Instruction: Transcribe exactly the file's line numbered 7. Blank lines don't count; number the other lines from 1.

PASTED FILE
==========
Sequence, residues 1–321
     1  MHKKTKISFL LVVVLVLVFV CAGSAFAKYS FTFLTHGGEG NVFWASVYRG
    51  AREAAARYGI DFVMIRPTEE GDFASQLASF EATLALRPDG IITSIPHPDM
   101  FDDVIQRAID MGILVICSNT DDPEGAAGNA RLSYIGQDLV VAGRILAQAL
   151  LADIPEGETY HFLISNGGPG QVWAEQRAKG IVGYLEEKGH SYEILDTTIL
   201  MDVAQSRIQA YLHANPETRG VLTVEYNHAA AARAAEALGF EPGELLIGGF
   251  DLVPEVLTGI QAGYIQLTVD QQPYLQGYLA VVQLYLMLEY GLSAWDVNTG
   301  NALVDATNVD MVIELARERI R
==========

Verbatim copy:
   251  DLVPEVLTGI QAGYIQLTVD QQPYLQGYLA VVQLYLMLEY GLSAWDVNTG